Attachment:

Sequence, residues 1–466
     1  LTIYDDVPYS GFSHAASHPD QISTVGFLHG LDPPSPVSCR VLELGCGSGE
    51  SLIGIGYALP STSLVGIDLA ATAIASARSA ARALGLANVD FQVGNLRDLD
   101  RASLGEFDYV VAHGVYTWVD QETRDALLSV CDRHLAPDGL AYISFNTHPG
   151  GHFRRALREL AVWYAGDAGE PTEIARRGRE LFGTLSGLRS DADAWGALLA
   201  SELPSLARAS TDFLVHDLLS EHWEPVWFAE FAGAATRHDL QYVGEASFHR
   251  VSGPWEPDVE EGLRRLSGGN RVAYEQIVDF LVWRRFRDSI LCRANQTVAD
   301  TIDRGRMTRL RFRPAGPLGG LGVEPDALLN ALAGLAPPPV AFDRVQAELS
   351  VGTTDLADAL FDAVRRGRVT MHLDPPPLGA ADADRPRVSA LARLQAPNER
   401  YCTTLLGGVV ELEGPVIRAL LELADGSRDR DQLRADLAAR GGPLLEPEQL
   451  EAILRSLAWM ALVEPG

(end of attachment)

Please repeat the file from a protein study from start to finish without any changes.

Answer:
Sequence, residues 1–466
     1  LTIYDDVPYS GFSHAASHPD QISTVGFLHG LDPPSPVSCR VLELGCGSGE
    51  SLIGIGYALP STSLVGIDLA ATAIASARSA ARALGLANVD FQVGNLRDLD
   101  RASLGEFDYV VAHGVYTWVD QETRDALLSV CDRHLAPDGL AYISFNTHPG
   151  GHFRRALREL AVWYAGDAGE PTEIARRGRE LFGTLSGLRS DADAWGALLA
   201  SELPSLARAS TDFLVHDLLS EHWEPVWFAE FAGAATRHDL QYVGEASFHR
   251  VSGPWEPDVE EGLRRLSGGN RVAYEQIVDF LVWRRFRDSI LCRANQTVAD
   301  TIDRGRMTRL RFRPAGPLGG LGVEPDALLN ALAGLAPPPV AFDRVQAELS
   351  VGTTDLADAL FDAVRRGRVT MHLDPPPLGA ADADRPRVSA LARLQAPNER
   401  YCTTLLGGVV ELEGPVIRAL LELADGSRDR DQLRADLAAR GGPLLEPEQL
   451  EAILRSLAWM ALVEPG